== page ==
Exhaustion is one of the strongest indicators of burnout and depression, but while we recognise exhaustion and tiredness as part of a raw, initial grief response, we don't always acknowledge that extended grief over time can run in tandem with long-term tiredness*. *Regular Gentle Readers are quite death literate however, and therefore understand this correlation. Well done you!


In December 2019 the world began to realise what a incredibly infectious illness the novel coronavirus is; so much so that currently a good deal of the globe is operating under restriction-based health protocols designed to minimise the spread of infection. What no-one realised at the outset however, was quite what a toll separation from regular routine, physical presence, and social connection would take on communities and individuals alike - we have not experienced a pandemic phenomenon at this level for a century, and we had largely forgotten the stories and data from N1H1. The abrupt and ongoing severance of our face-to-face social connections - underscored by the fact that we have no idea exactly of when we will be able to move about freely without fear of contagion - has meant that the equally abrupt change in our routines is a reality we have no control over. This sense of powerlessness as we feel out of control which COVID-19 brought into our daily lives is one of the big contributors to our overall tiredness; remember that lizard brain does not like change.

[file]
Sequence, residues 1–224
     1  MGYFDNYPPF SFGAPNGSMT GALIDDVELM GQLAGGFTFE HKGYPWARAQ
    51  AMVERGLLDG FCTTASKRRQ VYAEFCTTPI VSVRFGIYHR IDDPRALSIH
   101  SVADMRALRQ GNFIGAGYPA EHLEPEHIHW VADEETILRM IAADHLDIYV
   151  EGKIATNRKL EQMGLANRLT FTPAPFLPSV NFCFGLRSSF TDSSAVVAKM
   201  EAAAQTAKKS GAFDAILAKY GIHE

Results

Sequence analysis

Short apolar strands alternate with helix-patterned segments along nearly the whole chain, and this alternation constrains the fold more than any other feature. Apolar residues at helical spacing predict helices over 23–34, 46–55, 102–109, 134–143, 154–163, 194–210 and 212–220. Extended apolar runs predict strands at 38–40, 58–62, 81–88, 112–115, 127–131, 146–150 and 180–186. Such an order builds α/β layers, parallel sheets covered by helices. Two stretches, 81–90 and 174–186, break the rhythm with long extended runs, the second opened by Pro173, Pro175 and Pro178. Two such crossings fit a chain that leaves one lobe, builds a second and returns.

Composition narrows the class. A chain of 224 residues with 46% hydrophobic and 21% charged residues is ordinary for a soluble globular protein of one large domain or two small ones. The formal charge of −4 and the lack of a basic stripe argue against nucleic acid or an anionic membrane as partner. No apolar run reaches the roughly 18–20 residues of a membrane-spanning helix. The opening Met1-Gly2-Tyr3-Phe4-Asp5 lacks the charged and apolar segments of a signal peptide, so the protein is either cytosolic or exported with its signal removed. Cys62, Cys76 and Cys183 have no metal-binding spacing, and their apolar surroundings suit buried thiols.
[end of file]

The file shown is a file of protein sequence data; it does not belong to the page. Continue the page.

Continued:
Some days it is simply too much to get moving. Can haz blanket fort time?!